In the past decade there has been a rise in popular franchises particularly in the market of children’s toys, the most competitive being female dolls. Iconic brand Mattel, since the 1950’s has long been recognized for one of the most popular and successful franchises of all time ‘Barbie’, the tall, thin, big breasted, blonde figurine has taken pride on the top shelf of every little girls bedroom for over five decades and since its introduction has spanned its wings into many other media platforms. Barbie is no longer just a doll, she has her own website with interactive games, games for play stations and other gaming consoles, computer games, clothing label, accessories and not to mention her hundreds of friends and boyfriend that can be purchased to complete the ‘life of Barbie’. The ‘Barbie’ phenomenon peaked in the 1990’s the decade when I grew up and I can assure you if you weren’t an owner of an extensive array of Barbie dolls and all of her accessories you just were not cool at school. “Bad news came with botoxed lips and belly shirts. In the summer of 2001, toymaker MGA Entertainment introduced Yasmin, Jade, Sasha and Cloe—the Bratz. The new fashion dolls came in a rainbow of skin tones, with pouting, street-smart expressions” (Nash. K, 2005). Mattel in a rush to gain back a stolen market share worth $700 million dollars introduced the My Scene dolls in 2002, again a new generation of young girls picked up on the craze and the Barbie franchise continued to blossom. Today over eight years later the Barbie name still transcends across many media channels just like it did when I grew up with them. The ability to continue the franchise over a significant period of time is also a benefit for the media corporation whom own it, as they are able to reach older markets that were once obsessed fans, thus brand loyalty is formed.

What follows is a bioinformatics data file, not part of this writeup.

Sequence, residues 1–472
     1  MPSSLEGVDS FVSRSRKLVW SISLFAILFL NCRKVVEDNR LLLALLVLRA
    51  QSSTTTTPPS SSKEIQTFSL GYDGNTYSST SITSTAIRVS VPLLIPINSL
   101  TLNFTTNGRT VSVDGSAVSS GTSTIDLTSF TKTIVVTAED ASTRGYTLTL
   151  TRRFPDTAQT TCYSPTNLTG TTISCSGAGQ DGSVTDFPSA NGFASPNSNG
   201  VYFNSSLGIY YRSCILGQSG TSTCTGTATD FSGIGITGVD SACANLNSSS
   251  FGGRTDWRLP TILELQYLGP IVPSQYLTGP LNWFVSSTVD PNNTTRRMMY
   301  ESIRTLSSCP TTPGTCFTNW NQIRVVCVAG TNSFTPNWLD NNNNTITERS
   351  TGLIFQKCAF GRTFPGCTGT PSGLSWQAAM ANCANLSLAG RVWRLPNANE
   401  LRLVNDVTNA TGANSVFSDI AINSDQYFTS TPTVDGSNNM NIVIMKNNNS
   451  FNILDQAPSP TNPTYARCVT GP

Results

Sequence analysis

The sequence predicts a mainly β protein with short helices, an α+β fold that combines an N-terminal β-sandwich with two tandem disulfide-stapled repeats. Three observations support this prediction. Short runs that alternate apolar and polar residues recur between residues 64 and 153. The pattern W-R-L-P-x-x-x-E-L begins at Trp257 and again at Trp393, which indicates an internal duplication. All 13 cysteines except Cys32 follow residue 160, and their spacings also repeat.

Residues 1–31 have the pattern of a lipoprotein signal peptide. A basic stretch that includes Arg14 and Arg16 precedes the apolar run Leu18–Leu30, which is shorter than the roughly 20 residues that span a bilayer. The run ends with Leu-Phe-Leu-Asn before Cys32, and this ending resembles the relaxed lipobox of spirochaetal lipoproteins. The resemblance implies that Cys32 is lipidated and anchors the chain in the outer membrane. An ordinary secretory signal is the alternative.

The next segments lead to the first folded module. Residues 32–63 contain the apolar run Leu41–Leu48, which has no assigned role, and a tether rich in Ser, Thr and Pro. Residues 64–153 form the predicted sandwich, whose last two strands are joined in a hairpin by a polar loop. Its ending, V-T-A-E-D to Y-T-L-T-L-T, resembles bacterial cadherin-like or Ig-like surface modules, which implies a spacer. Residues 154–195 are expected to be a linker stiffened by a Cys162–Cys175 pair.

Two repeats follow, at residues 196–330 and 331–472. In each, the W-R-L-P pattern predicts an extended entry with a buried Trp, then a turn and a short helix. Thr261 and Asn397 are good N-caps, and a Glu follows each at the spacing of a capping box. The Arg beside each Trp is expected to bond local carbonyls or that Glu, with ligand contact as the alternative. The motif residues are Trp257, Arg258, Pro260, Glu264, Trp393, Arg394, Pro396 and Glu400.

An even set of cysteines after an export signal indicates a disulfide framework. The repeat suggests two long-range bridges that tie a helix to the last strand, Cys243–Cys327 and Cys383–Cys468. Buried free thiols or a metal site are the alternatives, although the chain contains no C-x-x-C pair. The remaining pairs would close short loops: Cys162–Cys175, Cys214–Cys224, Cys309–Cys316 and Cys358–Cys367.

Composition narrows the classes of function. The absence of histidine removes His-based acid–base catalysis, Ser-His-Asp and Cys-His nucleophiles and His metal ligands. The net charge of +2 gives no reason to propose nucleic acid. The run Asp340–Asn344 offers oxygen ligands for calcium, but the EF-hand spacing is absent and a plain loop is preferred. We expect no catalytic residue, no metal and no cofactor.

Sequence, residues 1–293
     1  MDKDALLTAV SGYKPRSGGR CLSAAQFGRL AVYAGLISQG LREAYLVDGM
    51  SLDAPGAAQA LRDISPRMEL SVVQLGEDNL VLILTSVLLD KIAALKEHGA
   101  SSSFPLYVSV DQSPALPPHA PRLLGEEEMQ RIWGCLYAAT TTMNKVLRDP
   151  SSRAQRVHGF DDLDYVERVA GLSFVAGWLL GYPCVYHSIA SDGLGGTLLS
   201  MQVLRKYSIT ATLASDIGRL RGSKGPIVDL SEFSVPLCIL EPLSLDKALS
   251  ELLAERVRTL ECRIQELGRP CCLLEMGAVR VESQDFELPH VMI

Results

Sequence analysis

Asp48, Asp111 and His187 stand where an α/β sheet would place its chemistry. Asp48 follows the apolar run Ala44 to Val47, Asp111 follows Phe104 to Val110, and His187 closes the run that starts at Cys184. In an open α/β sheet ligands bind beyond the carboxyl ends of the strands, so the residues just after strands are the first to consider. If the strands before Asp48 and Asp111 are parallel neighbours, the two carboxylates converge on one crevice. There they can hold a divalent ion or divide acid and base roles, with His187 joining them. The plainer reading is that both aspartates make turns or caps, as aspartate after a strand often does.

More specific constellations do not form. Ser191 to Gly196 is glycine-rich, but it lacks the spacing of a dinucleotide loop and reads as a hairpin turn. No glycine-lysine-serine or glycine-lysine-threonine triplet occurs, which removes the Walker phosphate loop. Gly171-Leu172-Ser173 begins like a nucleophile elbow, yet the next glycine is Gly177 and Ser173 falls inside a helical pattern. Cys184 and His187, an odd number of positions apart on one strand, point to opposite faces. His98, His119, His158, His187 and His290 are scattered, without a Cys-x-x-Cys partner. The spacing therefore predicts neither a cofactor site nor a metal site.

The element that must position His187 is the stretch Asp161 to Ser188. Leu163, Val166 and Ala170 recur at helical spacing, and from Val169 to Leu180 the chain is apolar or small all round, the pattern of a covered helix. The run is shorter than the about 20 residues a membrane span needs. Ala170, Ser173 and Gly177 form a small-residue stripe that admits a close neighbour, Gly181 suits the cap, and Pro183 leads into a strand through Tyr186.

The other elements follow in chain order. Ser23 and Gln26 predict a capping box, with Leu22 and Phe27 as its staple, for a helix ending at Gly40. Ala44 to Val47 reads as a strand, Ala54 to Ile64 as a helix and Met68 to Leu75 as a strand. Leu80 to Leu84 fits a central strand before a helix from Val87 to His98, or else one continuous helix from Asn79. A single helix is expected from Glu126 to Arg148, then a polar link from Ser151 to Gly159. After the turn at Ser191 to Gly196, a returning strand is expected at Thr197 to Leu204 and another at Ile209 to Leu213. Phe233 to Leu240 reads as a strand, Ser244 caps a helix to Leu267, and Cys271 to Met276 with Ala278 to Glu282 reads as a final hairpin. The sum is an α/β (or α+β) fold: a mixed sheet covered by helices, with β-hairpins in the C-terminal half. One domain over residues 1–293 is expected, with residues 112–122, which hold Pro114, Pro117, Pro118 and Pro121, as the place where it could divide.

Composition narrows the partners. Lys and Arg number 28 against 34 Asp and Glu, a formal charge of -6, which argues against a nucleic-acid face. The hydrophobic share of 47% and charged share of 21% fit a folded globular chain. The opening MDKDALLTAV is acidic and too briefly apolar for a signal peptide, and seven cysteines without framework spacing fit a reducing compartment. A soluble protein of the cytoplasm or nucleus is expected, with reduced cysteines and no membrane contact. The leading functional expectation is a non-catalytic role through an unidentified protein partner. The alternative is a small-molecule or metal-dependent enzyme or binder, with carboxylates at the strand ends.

As a result of this brand loyalty consumer generated content is produced. An example of this is a newly formed and rapidly expanding franchise Gossip Girl. While Gossip Girl is not yet playing in the same league as Barbie I predict that it will be just as popular for generation Y today then Barbie was for the same generation ten years ago. Gossip Girl has already become an important advertising tool for many young trendy brands, as I will explain in a moment. Perhaps the most interesting and relevant fact about this up and coming franchise is its introduction into cyber community Second Life. Second Life is an online 3D virtual world imagined and designed by you. From the moment you enter Second Life, you’ll discover a universe brimming with people and possibilities,” (Second Life, 2009). Second Life itself is apart of a integrated communication community where users can instant message and voice chat each other at anytime. Episodes of Gossip Girl have been created in animation and with made up scripts specifically for Second Life users. (Find example below) Second life promotes itself as an escape from reality, a place where everything you ever wanted to do, people you want to meet and the lifestyle you want to live are able to literally become your ‘second life’, “A place to connect, a place to shop, a place to work, a place to love, a place to explore, a place to be … different, free yourself, free your mind, change your look and love yourself” (Second Life, 2009) are just some of the slogans used to immerse users in a fictional life. In addition to this, websites have been created by fans to replicate the life lived by the characters in the show. Fans attempt to live life through deceit, drama and gossip just like the characters do in each episode. For example, at my high school last year one student made a website and collected the latest gossip from parties, private conversations and life events and posted them on this website in the same language used by the narrator on the television series. Whether the user generated content for this particular franchise is good or bad the brand is expanding at a rapid rate, the show is only just entered its third season and its fan base and user generated materials on sites such as Youtube are growing larger and larger every day.